commercial affect covering large market opportunities. BOSPHOROUS VENTURE GROUP
looks for Turkish and regional emerging markets which are relatively volatile and have
market growth. According to them these kinds of markets provide superior business
opportunities for companies. ILAB VENTURES mentioned that they want to invest in
electronic markets and markets which have growth potential and the markets which are
innovator. They also accentuated, they cannot make an investment without making market
analysis and investigations.

21
4.1.4 Product

Two of the three venture capital firms stated that product is an important factor for their
investment decisions called Is Private Equity and Bosphorous Venture Group. IS PRIVATE
EQUITY prefers unique, fashionable, differentiated and widely-used products.
BOSPHOROUS VENTURE GROUP believes product is an impressive factor for the
investment decisions. However they behave more selective than Is Private Equity. They
choose technical and differentiated products. According to them, firstly a product should have
a technological speciality than it should have other features. Other features which
Bosphorous Venture Group looks for are inimitable and well-designed products. ILAB
VENTURES also stated product is not an important criterion for their investment decisions.
They mentioned they are interested in web-sites therefore they can support every product
with condition having a web-site. . They are just expecting profit from the product.

4.1.5 Location

Location is important for both of Is Private Equity, and Ilab Ventures. The company IS
PRIVATE EQUITY, accentuated they can invest in companies having global reach but
whose main office is in Turkey. It is one of the biggest venture capital and private equity
company of Turkey. They do not evaluate companies that take place out of Turkey and they
look for opportunities inside the country markets. ILAB VENTURES stated that they want to
grow up in Turkey so they choose companies located in Turkey and they choose Turkish
electronic commerce websites. Especially they choose companies from big cities of Turkey.
If a company is not located in Turkey, they disregarded that company. But BOSPHOROUS
VENTURE GROUP has a different aspect. They stated the location of the firm is not
important for them. They can invest in Turkish and international companies. If they can take
advantage from the company, they invest in it. The location is not an important criterion for
them at that point.

4.1.6 Industry

All three of the venture capital firms take into account industry during their investments. IS
PRIVATE EQUITY focuses on industries which include retail, branded fast moving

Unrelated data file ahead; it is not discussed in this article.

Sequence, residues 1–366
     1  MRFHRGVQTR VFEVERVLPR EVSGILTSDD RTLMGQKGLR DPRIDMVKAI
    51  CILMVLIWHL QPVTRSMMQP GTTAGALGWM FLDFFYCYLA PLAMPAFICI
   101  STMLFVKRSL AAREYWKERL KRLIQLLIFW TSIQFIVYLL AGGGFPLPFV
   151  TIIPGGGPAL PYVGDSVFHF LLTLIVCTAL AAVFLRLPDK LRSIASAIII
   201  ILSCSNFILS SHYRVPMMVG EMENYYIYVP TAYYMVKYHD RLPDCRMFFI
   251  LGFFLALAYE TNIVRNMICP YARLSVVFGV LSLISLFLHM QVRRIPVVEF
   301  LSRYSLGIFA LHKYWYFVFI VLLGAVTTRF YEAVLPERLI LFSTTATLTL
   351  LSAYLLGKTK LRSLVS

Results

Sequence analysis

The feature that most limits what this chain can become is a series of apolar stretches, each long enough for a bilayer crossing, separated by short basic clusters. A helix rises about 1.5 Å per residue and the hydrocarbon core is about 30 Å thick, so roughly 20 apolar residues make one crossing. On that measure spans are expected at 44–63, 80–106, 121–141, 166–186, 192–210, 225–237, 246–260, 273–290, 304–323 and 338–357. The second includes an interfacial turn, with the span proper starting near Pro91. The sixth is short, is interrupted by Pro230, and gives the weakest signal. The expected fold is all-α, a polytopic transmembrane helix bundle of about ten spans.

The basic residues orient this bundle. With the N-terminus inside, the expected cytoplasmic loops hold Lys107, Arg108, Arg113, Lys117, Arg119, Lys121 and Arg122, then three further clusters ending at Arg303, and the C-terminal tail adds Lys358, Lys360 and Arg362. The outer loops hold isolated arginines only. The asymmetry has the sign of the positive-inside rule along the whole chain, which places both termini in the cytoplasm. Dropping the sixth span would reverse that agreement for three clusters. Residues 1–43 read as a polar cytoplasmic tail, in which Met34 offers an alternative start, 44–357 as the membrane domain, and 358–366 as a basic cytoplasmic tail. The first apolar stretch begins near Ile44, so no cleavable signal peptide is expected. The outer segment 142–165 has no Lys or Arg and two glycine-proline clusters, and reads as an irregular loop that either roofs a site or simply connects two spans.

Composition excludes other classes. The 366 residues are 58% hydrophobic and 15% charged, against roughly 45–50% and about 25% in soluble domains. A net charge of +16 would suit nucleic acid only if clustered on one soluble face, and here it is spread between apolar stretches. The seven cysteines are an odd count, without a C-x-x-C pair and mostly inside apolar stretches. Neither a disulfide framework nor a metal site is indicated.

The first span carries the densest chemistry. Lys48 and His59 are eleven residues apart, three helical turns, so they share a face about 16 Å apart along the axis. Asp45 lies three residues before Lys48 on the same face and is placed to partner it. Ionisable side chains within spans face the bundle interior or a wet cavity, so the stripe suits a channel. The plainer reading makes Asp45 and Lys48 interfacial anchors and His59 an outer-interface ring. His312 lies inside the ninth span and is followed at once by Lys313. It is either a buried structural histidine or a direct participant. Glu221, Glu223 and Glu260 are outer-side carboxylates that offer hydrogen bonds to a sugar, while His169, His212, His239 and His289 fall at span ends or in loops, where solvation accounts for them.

consumer goods, healthcare and pharmaceuticals, building materials, chemicals, education,
tourism, energy, and TMT (Technology, Media, Telecom). At the same time this firm
explained they can make investment to the firms which have big opportunities.

22
BOSPHOROUS VENTURE GROUP makes sectoral analysis before its investment decision,
and then it gives the decisions about investments. They make their investment to industries
which are related with technology. They accept technological markets are risky but these
kinds of markets have big growth potential and high returns on investments. ILAB
VENTURES consider about industry like Is Private Equity and Bosporus Capital Group
before giving investment decisions. They want to be unique in internet industry and they
focus on internet. Also they put into words that they want to be unique in internet area in
Turkey, therefore they decide to prepare a meaningful, expressive and powerful business
model for this sector. They think that this model will be very useful and unique for Turkish
internet sector and help them to make real their dreams of being number one.

23
5 ANALYSIS
In this part the interview will be analyzed via using theory part. Also some theories will be
used to make the observations clearer.

5.1 Management
IS PRIVATE BOSPHOROUS ILAB VENTURES
Management EQUITY
GROUP

Important Yes Yes Yes

Features of the successful, careful, moral, Patient, social, hardworking,


moral, honest entrepreneurial capability in management and
managers and knowledgeable, skills, clever and leader
entrepreneurs determined, well spoken
interpersonal
skills and open
minded

Table 1: Summary of the empirical findings in management area

All of the venture capital firms stated that, management is an important factor in their
investment decisions. This situation confirms the statement of the Peter Howson (2003),
which says most of the private equity investors decisions, on whether invest or not to invest
in a target are given by their views on the management.

Is Private Equity looks for successful, moral, honest, knowledgeable, determined, people with
interpersonal skills and open minded managers and entrepreneurs while Bosphorous Group
looks for careful, moral, people with entrepreneurial skills, clever and well spoken ones.
Patient, social, hardworking, capable and leader managers and entrepreneurs are chosen by
the company named Ilab Ventures. Camp (2002) stated venture capitalists want to invest in
people with characteristics of integrity, intellectual honesty, intellectual brilliance, and people
smarts or interpersonal skills. From these features honesty, brilliance, and interpersonal skills